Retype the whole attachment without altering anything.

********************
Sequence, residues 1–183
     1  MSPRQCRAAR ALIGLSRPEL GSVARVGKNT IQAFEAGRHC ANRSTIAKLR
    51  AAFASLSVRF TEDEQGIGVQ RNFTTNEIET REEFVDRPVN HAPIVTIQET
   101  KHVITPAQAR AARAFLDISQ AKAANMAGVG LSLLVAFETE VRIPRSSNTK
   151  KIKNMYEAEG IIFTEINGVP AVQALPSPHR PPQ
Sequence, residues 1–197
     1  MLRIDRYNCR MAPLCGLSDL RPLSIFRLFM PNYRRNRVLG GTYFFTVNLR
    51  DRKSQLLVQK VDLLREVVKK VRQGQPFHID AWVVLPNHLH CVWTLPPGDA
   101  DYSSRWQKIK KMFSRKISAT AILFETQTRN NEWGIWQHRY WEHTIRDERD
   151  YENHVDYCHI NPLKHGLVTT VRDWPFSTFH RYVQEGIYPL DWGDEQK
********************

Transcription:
Sequence, residues 1–183
     1  MSPRQCRAAR ALIGLSRPEL GSVARVGKNT IQAFEAGRHC ANRSTIAKLR
    51  AAFASLSVRF TEDEQGIGVQ RNFTTNEIET REEFVDRPVN HAPIVTIQET
   101  KHVITPAQAR AARAFLDISQ AKAANMAGVG LSLLVAFETE VRIPRSSNTK
   151  KIKNMYEAEG IIFTEINGVP AVQALPSPHR PPQ
Sequence, residues 1–197
     1  MLRIDRYNCR MAPLCGLSDL RPLSIFRLFM PNYRRNRVLG GTYFFTVNLR
    51  DRKSQLLVQK VDLLREVVKK VRQGQPFHID AWVVLPNHLH CVWTLPPGDA
   101  DYSSRWQKIK KMFSRKISAT AILFETQTRN NEWGIWQHRY WEHTIRDERD
   151  YENHVDYCHI NPLKHGLVTT VRDWPFSTFH RYVQEGIYPL DWGDEQK